When I first started seriously submitting short stories, I was on a roll. Most were accepted; those that were rejected were given lots of feedback. I felt very sure of myself. Then, I started getting rejections. Okay, I got three. Not a huge amount; far less than many people. But it was enough that, in the case of both of the stories involved, I just sort of stopped submitting. My assumption, however right or wrong that it may be, was that each particular story was just unpublishable. There was something so wrong, so innately off-kilter about the story that no one wanted it–and no one ever would want it.

So I put the stories to bed.

Then, inevitably, I opened up my “Submissions” folder, and these little stories looked back at me, questioningly… wondering, no doubt, what they ever did so wrong to deserve such treatment. So then I decided they needed to go back (from rejection to revisiting the Submission folder might take a month… maybe even more. I reason I’m simply too cowardly a writer to send it back immediately to another publication.) Back! Into the wide sea of submissions, that is!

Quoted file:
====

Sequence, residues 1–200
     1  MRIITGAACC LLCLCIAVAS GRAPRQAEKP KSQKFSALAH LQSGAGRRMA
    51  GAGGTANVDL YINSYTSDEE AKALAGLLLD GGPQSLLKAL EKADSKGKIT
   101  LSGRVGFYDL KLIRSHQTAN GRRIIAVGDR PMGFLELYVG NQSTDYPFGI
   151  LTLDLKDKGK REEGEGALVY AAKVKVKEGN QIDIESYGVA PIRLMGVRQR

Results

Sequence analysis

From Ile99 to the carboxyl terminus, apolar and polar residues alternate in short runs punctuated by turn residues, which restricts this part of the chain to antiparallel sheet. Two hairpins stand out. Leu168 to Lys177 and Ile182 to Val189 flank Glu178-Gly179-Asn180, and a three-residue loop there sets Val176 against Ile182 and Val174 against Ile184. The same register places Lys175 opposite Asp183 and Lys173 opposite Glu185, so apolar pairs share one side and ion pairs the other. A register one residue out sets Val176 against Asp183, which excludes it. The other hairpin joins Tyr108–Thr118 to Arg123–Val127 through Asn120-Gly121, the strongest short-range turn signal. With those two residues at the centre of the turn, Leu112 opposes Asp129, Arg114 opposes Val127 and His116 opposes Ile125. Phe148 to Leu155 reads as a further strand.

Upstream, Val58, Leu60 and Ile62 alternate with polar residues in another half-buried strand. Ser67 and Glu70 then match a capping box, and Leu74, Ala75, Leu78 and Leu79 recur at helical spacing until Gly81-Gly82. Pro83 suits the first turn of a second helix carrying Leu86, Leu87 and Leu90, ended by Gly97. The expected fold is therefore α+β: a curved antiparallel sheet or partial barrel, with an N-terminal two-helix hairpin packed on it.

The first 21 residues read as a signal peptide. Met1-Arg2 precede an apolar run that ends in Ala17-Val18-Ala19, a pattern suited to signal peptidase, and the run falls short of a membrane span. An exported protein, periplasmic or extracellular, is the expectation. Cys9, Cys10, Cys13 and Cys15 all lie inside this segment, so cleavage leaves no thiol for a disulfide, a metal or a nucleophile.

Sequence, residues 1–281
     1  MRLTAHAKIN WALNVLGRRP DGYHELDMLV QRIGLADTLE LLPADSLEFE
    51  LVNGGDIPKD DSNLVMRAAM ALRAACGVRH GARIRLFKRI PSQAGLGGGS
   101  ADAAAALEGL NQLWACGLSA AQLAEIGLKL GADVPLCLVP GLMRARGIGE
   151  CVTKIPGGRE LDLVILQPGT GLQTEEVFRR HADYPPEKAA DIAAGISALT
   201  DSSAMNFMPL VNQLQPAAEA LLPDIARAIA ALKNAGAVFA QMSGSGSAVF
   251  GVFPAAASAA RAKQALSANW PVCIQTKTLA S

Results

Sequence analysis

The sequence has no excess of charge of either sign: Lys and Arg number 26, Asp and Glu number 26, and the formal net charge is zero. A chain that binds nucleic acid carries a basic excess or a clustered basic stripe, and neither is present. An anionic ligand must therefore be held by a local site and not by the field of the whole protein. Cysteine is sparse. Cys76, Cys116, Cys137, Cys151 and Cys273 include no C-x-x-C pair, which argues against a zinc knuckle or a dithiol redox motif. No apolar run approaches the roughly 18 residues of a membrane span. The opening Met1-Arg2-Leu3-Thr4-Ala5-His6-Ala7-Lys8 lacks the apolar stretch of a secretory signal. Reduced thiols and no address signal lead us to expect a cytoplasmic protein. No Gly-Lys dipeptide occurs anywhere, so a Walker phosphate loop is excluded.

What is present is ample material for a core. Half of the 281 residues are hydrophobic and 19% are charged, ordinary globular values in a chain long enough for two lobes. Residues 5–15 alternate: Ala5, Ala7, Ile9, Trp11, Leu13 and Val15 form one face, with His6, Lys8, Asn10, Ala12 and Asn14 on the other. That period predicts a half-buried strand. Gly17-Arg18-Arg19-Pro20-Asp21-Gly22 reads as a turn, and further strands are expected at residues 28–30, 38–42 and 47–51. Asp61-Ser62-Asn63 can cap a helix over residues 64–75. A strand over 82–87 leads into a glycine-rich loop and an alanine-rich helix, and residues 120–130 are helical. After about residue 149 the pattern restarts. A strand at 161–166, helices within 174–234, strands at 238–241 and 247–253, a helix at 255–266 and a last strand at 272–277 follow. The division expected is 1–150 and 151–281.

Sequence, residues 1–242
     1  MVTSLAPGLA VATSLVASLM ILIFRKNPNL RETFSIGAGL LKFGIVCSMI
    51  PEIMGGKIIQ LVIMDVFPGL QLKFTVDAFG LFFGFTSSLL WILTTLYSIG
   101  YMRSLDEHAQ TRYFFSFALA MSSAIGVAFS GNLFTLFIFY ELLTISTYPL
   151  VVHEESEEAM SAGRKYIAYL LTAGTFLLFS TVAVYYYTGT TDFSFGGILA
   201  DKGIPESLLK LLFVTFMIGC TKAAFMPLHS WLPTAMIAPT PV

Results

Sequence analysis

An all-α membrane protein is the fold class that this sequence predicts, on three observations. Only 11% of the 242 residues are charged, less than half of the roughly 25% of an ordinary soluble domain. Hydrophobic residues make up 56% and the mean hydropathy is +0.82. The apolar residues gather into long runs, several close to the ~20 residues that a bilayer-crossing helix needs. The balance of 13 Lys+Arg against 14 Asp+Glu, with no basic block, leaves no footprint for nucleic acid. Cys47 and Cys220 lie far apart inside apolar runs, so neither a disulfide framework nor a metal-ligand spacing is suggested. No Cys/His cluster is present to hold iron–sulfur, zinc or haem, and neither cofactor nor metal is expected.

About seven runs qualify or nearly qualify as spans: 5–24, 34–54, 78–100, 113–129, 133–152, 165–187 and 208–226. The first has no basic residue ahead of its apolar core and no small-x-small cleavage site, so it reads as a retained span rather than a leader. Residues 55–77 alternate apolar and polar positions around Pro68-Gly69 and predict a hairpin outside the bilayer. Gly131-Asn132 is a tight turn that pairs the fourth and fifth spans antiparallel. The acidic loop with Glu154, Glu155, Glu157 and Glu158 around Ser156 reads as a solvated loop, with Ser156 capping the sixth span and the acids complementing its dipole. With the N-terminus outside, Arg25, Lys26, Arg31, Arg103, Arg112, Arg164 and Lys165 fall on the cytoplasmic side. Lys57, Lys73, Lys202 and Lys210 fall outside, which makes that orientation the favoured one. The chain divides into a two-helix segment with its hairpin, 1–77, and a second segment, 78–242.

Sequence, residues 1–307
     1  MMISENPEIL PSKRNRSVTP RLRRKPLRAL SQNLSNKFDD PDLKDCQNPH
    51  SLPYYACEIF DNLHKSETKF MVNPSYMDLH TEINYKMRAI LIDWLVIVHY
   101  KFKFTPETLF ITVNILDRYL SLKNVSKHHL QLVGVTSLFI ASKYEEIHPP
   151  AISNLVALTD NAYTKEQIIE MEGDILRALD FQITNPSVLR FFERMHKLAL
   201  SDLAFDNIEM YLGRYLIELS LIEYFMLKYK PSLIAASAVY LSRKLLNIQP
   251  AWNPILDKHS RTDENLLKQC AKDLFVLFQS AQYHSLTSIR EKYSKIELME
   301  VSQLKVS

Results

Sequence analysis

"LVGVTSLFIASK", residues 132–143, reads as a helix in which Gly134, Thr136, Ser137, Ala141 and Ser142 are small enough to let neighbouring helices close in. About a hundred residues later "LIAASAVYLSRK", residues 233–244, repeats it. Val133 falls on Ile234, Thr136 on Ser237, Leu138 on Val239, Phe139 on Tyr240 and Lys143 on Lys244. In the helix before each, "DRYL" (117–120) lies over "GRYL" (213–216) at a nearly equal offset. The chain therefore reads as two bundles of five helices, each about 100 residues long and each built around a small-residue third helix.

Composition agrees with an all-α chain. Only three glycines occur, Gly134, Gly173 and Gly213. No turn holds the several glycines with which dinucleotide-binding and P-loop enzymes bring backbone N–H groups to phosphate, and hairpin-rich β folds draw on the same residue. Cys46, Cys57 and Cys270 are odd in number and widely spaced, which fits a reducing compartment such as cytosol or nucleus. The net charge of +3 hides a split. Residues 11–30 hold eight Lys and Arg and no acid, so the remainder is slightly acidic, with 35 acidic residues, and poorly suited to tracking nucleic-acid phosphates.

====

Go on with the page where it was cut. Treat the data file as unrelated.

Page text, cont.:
But going back, man. That’s when the proverbial scat always hits the fan.

At this point, I’ve lost my faith in the piece. Everything looks wrong. The opening, the closing, the description; I poke holes in the plot, I roll my eyes at the dialogue. I don’t even know where to start editing. I wonder if I even wrote this story; or, perhaps, how much I had to drink when I did. One story I recently hacked in half. I literally cut it down by half the wordcount (assuming, somehow, that during that purge I’d omit the offending passages or something). But you know what? I still haven’t resubmitted that story. I’m still sitting on it.


I suck.

No really. This is crazy. I realize this is totally crazy of me. I’m a writer, and I write short stories as well as novels. (Well, maybe not as well as, but in addition to?) I’m also a relative novice in the short story market–so the best thing I can do is try to place stories, and if they don’t place, write other ones.